In the predawn darkness the hunters descended on Accokeek yesterday, huddling in twos and threes to shoot the breeze beneath the carryout's neon glow. With bright orange caps atop their heads and long hunting knives strapped to their waists, they chewed egg sandwiches and guzzled cups of coffee and talked poker, football and shotguns.

But mainly at the B and J Drive-In, a whitewashed one-story brick carryout on Rte. 210 near the Prince George's County and Charles County line, the men talked deer. Very seriously.

"I been waitin' all year for this," said Lloyd Clark, a retired D.C. school bus driver. "Been huntin' for forty years. Get a deer darn near every year. Gonna shoot him, cut him up, put him in the freezer and eat him. Lasts the whole year."

Maryland's week-long deer hunting season (shotguns only) opened yesterday. All over the state, from the hills of Dorchester County to the farmlands of Charles, scenes like the one at the B and J Drive-In were played out over and over.

In campers and station wagons the hunters arrived, many in military fatigues and thick army boots, to talk strategy and trade tales of hunting glory and woe. Bold talk of the bucks that were shot last year, interspersed with stories of the lucky animals who scampered away.

It was yet another rite of autumn.

The Maryland Wildlife Administration estimates that more than 90,000 hunters will take to the state's woods and mountains this week to wait in the cold for untold hours for a clear shot at their quarry.

Last year the hunters were fortunate. They set a record of 13,072 kills for the week. It was, in fact, the third year in a row the hunters had set a kill record. This year officials, citing last year's mild winter and recent deer counts, expect the hunters to set another one.

But before the hunters begin, before they climb trees or hide behind stumps and bushes, many gather at highway stops such as the B and J to rap, eat and savor a few last moments of warmth.

Across the street from a filling station, a few doors up from the town barber shop, the B and J squats like a brick tugboat at Rtes. 210 and 373. At 5 a.m. the cafe, which has been dishing out everything from onion rings and crab cakes to Red Man chaw and Pay Day candy bars to truck drivers and hunters for more than 30 years, is the only place open in town.

"It's a kind of custom. We open an hour early in deer season to cater to the hunters," said part-owner Greg Colton. "Some of them have been coming for years and years. It's tradition."

Atop a grid of wooden planks behind the grill separating his feet from the grease-laden floor, the white-haired cook, Oscar Stallard, and the Williams brothers behind the counter, David and Bennie, stayed busy all morning rustling up ham and eggs and quart-sized Styrofoam jugs of coffee. Printed signs were everywhere advertising "Early Bird Specials" and "BIG 12-inch pizzas." The carryout resounded with shouted orders such as "bacon and egg san, hold the cheese" and background murmurs about shotguns and deer.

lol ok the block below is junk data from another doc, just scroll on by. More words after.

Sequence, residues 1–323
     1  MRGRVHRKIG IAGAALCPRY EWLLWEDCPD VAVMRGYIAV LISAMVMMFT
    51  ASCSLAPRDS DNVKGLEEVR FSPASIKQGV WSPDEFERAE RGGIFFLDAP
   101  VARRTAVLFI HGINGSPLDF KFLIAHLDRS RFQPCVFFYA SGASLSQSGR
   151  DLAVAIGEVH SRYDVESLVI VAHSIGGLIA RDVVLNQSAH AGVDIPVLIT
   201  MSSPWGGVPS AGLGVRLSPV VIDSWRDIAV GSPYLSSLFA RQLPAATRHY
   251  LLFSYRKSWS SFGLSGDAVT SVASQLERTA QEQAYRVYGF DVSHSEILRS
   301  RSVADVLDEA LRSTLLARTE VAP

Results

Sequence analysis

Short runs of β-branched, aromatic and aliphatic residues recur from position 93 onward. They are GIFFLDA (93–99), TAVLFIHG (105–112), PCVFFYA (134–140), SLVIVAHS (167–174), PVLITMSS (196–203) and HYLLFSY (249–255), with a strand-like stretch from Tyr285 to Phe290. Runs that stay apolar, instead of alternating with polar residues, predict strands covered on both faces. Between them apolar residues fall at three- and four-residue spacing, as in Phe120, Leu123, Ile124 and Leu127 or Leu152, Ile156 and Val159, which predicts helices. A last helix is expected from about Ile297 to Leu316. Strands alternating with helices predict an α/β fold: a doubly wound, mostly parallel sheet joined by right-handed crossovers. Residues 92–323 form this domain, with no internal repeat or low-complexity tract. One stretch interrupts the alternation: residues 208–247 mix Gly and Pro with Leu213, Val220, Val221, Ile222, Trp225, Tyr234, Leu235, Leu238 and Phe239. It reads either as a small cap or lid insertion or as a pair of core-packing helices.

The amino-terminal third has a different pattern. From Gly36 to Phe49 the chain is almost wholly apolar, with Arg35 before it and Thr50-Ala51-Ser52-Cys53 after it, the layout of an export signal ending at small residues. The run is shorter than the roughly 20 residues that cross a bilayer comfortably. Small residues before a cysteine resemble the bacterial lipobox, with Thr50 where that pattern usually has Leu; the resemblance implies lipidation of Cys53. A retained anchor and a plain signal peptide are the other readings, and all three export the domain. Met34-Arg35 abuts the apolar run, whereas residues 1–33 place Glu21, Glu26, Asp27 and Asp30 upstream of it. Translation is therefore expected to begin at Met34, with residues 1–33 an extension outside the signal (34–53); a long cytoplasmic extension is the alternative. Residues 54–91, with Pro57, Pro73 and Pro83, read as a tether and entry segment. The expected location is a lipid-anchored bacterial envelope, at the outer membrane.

"It's good hunting here, I'm telling you," said Jim Rickman, 36, a Mack Truck mechanic from Anne Arundel County. "My grandfather's got some land around here. Come here every year. I went to a state park once and it was damn near like Vietnam. Bullets flying everywhere. I'll take these parts any time."

Many of the hunters were from upper Prince George's County and the District of Columbia, and most of them were en route to the happier hunting grounds of Charles County, a half-mile away. Only 89 deer were killed in Prince George's County last year, while hunters in less-urbanized Charles were killing 806.

Accokeek native Gary Kramer, 31, a civilian employe at Andrews Air Force Base planner, was talking about his 12-gauge pump shotgun and the strategy he planned to follow yesterday and, if necessary, throughout the week.

"Best thing about hunting is it gives you a chance to let your hair down and be alone," he said, waiting for an order of coffee, a dozen shotgun shells strapped to his belt. "My uncle's got some land nearby and I've staked out a tree there. I've got a portable tree climber I can raise to any height. I'll probably sit 35 feet up and just wait.

"Last year I got one at 85 yards," he said, his eyes alert with anticipation. "One shot."

Nearby, 23-year-old Bob Jerew, a Hyattsville auto mechanic, was leaning against a wall discussing the wind and cold. "Probably gonna be a long day," he said, sighing. "They say there's supposed to be plenty of deer down here . . . Strategy? I'm just gonna get out in the woods before sun-up and wait all day."

Another man, a cigar stuck in his mouth, chimed in, "And pray you don't freeze to death." A third man next to Jerew said he, too, was hunting -- "But with a camera. I just like to shoot pictures of the deer."

By 6:30 a.m. most of the hunters were gone, already hidden away in distant acres of scrub brush and woods across the county line. Business at the carryout slowed to a trickle, mainly truck drivers on their way to the city and several construction workers who spoke sadly of having to work on Saturday.

The only indication that the B and J had been a gathering spot for dozens of hunters earlier was a sign on a wall just inside the door, advertising a local butcher shop.

"You Kill It," the sign said. "We'll Cut and Wrap It."